Grub is a generic name for the larva of several species of beetles, including Japanese beetles, June bugs and masked chafer beetles. They all look pretty much alike and their life cycles are similar, too.

The beetles lay eggs on blades of grass or in the soil. The eggs hatch and the larvae work their way into the soil, where they dine on organic matter, such as grass roots for one or more years, depending on the beetle species. Eventually, the larvae pupate and transform into adult beetles, which take flight in early summer to start the process over again.

Photo of grubs in lawn
Treat the lawn if you find six or more grubs per square foot.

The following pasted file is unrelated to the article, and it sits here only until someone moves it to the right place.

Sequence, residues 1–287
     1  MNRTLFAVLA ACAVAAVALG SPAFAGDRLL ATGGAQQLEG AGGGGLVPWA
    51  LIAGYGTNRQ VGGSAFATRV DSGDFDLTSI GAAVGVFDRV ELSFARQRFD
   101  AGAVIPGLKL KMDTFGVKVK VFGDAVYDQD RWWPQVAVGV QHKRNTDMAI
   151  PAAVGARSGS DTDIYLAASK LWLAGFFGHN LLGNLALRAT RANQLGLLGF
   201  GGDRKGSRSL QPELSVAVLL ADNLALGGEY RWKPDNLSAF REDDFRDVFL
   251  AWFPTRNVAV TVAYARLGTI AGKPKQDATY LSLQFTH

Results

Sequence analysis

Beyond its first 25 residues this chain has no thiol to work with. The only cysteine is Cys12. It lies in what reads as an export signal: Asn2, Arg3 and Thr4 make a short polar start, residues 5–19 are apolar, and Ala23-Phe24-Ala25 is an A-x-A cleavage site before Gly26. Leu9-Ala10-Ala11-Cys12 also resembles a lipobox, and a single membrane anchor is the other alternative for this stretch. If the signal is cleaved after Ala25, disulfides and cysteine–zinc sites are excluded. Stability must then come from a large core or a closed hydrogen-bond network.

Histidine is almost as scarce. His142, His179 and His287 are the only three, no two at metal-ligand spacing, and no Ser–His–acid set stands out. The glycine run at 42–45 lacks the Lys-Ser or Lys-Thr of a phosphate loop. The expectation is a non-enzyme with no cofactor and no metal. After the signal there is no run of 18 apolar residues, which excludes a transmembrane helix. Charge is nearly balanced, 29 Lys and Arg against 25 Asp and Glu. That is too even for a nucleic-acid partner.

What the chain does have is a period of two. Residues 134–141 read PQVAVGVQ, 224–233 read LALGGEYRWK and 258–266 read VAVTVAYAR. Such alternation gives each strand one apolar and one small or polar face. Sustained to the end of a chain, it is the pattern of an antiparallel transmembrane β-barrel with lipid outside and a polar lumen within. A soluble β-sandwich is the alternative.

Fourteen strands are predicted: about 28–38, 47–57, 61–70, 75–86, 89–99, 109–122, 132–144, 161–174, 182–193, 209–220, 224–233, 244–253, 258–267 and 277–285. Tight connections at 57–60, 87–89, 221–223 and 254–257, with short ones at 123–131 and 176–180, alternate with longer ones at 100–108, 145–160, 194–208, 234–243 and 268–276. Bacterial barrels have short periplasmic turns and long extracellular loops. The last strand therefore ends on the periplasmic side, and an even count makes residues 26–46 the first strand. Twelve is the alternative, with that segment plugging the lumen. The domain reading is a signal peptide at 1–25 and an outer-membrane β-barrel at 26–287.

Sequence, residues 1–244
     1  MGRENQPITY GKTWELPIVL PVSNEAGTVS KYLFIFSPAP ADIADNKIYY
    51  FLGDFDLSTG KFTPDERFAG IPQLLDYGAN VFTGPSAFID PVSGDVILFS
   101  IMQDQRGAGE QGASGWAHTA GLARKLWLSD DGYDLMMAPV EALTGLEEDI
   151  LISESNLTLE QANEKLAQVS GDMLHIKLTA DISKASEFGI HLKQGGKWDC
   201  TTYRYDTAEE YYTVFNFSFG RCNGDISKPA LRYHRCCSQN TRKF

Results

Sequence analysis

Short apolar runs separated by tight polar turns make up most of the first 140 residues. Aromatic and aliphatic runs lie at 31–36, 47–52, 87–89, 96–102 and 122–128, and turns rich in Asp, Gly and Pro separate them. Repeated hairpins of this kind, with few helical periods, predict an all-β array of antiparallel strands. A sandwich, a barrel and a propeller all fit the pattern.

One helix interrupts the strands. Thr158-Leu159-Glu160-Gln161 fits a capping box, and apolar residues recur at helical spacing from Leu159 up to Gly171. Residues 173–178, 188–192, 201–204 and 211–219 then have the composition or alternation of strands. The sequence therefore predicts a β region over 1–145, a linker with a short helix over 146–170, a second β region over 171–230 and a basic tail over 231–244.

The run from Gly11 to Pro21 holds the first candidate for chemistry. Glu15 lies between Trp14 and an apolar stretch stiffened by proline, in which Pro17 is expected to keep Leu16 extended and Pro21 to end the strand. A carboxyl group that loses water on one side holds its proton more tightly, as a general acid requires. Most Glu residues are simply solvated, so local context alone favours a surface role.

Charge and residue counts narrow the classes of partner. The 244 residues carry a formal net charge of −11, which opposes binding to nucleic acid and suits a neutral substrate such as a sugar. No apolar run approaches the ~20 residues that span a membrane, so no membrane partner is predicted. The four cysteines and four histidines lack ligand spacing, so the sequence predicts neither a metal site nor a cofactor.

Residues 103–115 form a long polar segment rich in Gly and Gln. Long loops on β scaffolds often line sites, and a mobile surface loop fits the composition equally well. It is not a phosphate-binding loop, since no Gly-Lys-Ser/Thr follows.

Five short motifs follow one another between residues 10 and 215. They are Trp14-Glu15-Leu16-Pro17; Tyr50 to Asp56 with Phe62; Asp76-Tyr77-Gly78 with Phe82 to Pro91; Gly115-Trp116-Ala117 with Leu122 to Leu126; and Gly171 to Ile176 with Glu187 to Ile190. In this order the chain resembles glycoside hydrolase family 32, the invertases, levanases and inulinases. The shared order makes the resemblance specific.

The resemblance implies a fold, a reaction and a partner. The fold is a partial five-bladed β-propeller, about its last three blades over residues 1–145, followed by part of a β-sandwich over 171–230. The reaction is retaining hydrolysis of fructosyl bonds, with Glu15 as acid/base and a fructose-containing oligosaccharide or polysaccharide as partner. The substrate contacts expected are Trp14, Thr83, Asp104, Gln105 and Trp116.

Photo: Ohio State University

The beetles’ life cycle holds the key to controlling these lawn pests. That makes timing critical when it comes to applying pesticides. The time to treat the lawn with a product to get rid of the root-chewing insects is from mid-June to early July. Always read and follow label directions. Click here for more information about Recommended Grub Preventer and Killer products. Treat the lawn if you find six or more grubs per square foot.

Grub control products also kill other turf-damaging insects, such as sod webworms and armyworms. Lastly, grub control products don’t have to be watered in immediately after application like many other grub-control products. Of course, the best defense against a grub infestation is a healthy, vigorous, well-watered lawn. A healthy lawn can withstand minor grub infestations without any symptoms. For more information about the kinds of grubs that might attack your lawn and recommended pesticide application times, check with your county extension agent.